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Kolon Life executives acquitted of falsifying data of gene therapy drug

The corporate flag of Kolon Group at the group headquarters in Gwacheon, south of Seoul, on Jan. 6, 2020 (Yonhap)
The corporate flag of Kolon Group at the group headquarters in Gwacheon, south of Seoul, on Jan. 6, 2020 (Yonhap)
Two Kolon Life Science executives were acquitted Friday of involvement in the company's allegedly fraudulent report on a key ingredient in its gene therapy drug.

The Seoul Central District Court handed down the ruling to the drugmaker's two executives, surnamed Cho and Kim, who were indicted on charges that included fraud related to the company's suspected illegalities in the development and sales of Invossa, a cell and gene therapy for osteoarthritis.

But the court separately ordered Cho, a senior director at the company's clinical development team, to pay a fine of 5 million won ($4,500) for bribing an official at the Ministry of Food and Drug Safety in seeking favors in the company's drug development process.

They were suspected of having been involved in submitting fraudulent documents on purpose to the ministry to get approval for Invossa.

While acknowledging that the company submitted some false data, the court said the ministry seemed to have failed to perform due diligence in verifying the submitted documents.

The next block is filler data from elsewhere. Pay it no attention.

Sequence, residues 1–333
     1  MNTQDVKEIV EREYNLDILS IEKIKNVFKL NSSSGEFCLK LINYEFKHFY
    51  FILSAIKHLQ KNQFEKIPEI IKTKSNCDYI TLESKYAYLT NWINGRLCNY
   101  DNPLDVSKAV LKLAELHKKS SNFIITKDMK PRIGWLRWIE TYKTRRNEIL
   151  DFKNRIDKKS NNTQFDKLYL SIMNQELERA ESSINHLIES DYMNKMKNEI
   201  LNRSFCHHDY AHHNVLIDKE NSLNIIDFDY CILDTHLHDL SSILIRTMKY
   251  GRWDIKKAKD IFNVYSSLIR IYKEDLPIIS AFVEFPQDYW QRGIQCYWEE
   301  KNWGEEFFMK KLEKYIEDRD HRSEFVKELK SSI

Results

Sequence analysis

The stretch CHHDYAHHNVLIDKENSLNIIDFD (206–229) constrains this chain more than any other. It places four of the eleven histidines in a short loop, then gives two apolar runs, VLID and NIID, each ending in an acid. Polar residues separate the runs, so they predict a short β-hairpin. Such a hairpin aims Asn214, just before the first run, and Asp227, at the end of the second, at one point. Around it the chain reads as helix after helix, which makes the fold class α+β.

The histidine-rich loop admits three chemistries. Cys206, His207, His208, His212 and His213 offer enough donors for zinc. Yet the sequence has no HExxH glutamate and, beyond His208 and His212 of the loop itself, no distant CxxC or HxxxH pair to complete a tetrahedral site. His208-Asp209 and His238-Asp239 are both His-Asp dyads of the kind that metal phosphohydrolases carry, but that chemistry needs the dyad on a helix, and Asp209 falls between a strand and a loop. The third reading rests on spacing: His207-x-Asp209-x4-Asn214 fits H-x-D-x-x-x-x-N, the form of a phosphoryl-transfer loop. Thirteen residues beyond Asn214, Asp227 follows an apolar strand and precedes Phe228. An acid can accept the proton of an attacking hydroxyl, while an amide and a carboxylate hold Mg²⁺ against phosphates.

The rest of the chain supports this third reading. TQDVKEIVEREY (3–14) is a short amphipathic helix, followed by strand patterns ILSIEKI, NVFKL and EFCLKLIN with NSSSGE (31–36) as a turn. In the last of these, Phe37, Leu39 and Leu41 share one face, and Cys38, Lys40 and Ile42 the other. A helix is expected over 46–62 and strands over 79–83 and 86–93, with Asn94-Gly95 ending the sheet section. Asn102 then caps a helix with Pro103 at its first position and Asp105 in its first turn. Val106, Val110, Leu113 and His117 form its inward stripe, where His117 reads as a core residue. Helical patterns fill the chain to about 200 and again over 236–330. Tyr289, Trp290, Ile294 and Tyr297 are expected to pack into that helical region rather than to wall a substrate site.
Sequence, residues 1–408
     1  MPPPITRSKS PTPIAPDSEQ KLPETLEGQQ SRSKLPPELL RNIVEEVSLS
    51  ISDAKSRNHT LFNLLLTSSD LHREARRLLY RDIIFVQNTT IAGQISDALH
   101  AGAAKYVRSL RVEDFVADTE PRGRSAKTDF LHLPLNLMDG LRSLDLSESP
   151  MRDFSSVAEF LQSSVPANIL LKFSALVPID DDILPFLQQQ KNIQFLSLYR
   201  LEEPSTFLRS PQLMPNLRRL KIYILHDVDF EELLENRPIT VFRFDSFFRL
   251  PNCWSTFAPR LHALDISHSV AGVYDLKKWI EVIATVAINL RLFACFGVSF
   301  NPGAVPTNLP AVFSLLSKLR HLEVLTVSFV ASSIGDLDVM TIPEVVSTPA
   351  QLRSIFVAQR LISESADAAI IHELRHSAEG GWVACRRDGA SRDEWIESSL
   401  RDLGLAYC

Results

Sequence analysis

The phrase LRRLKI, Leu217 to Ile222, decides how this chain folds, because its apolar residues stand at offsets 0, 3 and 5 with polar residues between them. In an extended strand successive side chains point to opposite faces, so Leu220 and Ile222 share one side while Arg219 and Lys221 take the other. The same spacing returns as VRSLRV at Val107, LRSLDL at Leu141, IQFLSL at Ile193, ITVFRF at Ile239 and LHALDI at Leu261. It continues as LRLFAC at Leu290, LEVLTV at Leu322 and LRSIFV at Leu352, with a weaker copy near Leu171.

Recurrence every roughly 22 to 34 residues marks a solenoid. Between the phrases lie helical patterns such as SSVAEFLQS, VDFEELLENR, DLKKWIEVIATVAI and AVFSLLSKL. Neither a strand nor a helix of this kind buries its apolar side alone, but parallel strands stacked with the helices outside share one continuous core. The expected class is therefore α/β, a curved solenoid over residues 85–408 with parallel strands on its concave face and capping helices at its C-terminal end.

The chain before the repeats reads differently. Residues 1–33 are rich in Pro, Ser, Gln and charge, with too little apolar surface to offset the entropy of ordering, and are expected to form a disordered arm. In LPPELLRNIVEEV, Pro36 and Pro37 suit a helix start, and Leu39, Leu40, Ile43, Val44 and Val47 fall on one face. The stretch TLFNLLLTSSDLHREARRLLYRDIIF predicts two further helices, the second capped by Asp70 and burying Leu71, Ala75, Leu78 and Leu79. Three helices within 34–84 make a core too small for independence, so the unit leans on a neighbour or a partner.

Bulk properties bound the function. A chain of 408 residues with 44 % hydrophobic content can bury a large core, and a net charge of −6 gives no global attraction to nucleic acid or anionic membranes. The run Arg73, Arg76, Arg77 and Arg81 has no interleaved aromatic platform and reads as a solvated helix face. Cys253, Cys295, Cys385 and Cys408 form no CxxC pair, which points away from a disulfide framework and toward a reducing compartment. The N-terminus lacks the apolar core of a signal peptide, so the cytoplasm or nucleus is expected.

The court also found them not guilty of fraud and other charges for having received a state subsidy of 8.2 billion won based on allegedly fraudulent documents.

Kolon Life Science, a unit of Kolon Group, initially received the approval for Invossa in 2017. But it was revoked in May 2019 after it was revealed that a key material used in Invossa came from a kidney cell, instead of from cartilage as stated in the document submitted for approval.

The company acknowledged that a substance in the joint pain treatment drug had been mislabeled, but claimed no one has suffered from any medical complications from the drug use.

Later in the day, however, the Seoul Administrative Court ruled against the drugmaker, dismissing its plea to reinstate the license for Invossa.

Having submitted false data was "a grave fault as drugs can have a significant effect on people's lives and health," the court said, even though it was hard to confirm with the evidence presented that the company intentionally committed any wrongdoing.

"There is no illegality with the ministry's decision to revoke the license since it did not seem to be aware of data that could raise suspicions about the drug's safety," the court ruled. (Yonhap)

Korea Herald daum